Guest Review: Wolf, Becoming by Rory Ni Coileain

Volyk learns very young that he has to hide what he is—oboroten’, shape-shifter—after his father is killed and skinned by a hunter, and the pack that takes in his pregnant mother is hostile to his kind. When Volyk is ordered to fight the pack’s beta to prove his fitness, but instead obeys his hormones and tries to mount him, he’s declared an abomination and forced to flee.

Ilya, too, hides a secret. Being young and gay in modern Russia is dangerous, and he knows it. But the truth eventually gets out, and his brothers lure him into the forest to kill him. They’re stopped by Volyk, who hides the mortally wounded Ilya in his den. The only way to heal the human is to turn him into an oboroten’.

Unfortunately, Ilya’s gentle nature is ill-suited to the life of a wolf. But when Volyk’s old pack returns, seeking to take away Volyk’s magickal den, Ilya will have to embrace—truly become—the wolf Volyk made him to save both his mate’s life and his own.

Guest Reviewer: Chelsea

This is such a unique story! I love when authors make it their own, and play with the ideas of what a shifter can be and do. Coileain definitely did this, and did it beautifully!

Ilya and Volyk are both exiles in their own way, and both got there by very brutal and sad means (there are definitely a few characters I would have happily seen murdered). The first 30% of the story shows glimpses into Ilya and Volyk’s separate but slightly intertwined lives over the course of 18 years. It starts from the day Ilya’s dad kills Volyk’s, until the day Volyk saves Ilya from his brothers attempt to murder Ilya (hint: these are the characters I wanted to see dead).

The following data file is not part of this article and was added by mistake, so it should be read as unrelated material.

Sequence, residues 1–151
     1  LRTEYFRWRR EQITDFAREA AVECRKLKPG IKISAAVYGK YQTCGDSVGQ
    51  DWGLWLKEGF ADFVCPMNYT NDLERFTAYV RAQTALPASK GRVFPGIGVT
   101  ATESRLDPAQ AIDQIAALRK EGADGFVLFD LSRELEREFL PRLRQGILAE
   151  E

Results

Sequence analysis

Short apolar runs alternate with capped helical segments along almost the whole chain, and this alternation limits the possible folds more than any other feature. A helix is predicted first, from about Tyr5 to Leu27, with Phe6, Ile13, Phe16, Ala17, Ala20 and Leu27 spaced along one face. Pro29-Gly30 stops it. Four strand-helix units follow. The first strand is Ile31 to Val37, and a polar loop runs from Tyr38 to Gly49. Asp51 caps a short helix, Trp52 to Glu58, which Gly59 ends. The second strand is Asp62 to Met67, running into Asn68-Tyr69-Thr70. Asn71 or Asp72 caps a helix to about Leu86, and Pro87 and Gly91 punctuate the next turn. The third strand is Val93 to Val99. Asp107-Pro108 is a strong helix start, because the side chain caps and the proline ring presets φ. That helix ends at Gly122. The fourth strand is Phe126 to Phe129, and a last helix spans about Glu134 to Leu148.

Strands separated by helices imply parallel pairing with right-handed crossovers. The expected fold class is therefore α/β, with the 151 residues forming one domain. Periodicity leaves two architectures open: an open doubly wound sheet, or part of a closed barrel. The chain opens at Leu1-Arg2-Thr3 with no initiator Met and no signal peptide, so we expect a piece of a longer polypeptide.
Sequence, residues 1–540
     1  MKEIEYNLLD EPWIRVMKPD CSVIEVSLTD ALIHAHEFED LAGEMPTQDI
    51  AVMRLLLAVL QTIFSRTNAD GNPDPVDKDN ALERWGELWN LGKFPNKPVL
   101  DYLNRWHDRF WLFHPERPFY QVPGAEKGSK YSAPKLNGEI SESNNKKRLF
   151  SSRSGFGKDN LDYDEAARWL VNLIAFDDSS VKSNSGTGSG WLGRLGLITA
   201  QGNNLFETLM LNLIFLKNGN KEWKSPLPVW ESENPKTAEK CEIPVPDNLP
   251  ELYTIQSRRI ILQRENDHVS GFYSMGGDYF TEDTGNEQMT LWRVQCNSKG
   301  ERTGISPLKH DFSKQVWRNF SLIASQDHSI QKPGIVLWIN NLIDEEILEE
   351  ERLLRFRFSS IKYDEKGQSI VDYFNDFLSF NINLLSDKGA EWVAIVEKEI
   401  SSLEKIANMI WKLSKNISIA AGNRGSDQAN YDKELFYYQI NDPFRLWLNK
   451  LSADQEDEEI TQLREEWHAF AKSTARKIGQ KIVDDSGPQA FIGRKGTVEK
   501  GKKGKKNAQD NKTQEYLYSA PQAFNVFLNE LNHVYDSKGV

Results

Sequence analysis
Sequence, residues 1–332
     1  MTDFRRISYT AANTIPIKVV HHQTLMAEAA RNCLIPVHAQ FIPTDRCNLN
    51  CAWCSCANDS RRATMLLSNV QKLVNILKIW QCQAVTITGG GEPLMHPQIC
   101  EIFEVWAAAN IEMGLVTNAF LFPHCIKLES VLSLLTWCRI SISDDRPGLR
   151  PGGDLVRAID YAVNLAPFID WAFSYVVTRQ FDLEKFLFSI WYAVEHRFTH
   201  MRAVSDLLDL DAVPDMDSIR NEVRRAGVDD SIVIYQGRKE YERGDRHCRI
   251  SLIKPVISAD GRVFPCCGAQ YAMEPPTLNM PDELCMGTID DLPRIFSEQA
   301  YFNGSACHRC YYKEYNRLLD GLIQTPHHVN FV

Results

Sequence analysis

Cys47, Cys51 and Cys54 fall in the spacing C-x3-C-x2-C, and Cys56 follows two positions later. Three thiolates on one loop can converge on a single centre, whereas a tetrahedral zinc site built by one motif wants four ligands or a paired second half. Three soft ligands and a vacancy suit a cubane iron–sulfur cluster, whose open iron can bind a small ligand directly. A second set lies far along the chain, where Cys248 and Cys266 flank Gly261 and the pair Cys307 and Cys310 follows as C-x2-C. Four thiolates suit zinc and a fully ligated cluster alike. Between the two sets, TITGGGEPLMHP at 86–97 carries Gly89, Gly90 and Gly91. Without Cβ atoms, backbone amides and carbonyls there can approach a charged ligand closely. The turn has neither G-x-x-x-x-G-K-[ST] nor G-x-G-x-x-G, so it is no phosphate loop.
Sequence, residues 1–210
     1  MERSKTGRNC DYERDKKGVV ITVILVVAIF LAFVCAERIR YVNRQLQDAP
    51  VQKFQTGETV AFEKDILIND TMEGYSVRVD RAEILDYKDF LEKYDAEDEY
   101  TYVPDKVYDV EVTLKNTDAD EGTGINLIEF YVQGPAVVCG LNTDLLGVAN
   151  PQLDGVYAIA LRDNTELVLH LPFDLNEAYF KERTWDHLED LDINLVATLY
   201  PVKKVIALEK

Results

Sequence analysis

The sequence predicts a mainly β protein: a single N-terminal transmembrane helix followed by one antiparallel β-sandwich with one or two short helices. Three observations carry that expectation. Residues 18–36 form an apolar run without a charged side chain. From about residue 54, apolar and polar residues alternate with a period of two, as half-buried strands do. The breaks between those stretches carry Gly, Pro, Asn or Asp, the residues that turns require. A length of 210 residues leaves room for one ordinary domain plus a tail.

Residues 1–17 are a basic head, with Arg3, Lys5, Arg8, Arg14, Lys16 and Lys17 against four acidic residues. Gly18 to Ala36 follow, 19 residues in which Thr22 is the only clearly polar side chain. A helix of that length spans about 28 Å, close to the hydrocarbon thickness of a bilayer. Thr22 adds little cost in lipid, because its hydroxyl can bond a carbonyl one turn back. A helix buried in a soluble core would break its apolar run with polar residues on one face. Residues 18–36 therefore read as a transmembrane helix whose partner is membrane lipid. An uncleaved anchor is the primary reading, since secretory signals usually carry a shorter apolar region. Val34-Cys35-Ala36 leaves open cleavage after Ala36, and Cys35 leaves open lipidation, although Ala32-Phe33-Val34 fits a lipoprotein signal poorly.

As stated previously, the uniqueness of this story comes from the idea of what a shifter can do. Volyk is born Oboroton (shifter) and that means he is born a wolf and will stay a wolf until he can find a place that holds the magick that can change him into a human. He will only be able to change into his human form while in this place of magick and not elsewhere. While in their Wolf form they can communicate telepathically to other Oboroton as well as understand human and standard Wolf communication. I don’t want to waffle on, but as I’ve said I find it so incredibly creative when authors do this! Loved this concept.

This story is told almost in a fairytale type way, which felt very appropriate with snowy Russian landscape as a setting and the Russian language interspersed throughout the story. The Oboroton have an interesting way of talking as well, which makes it feel more historical.
“You take my breath, wolf-mine.”
Which brings me onto the important stuff, the love story. Volyk has seen and thought about Ilya a few times since his father's death, and already cares a great deal for him and protects him as he would a mate. Therefore he wastes no time in getting ‘closer’ once Ilya is revealed as Oboroton. The sex scenes were very sensual, and very very sexy!

These two connect hard and fast as mates tend to do in shifter stories, and confessions of love are spoken rather quickly. I would call it Insta-love for Ilya, but because Volyk knew more of Ilya and felt a connection before their official introduction. Their desire for each other is plain to see and the connection between these two isolated people as they form a new and safe home together is beautiful.
“I need to hold you.” “And I… need to be held.”
One thing I really didn’t like was we never saw Ilya’s brothers get any comeuppance. I may be a little blood thirsty but I seriously wanted them (and his dad) to be mauled by all the wolves… that ever lived…. ever!!

I definitely recommend this book to anyone who likes shifters and mates stories. It was a very easy and enjoyable read with such a unique concept!

For more information, check out:

Dreamspinner Press

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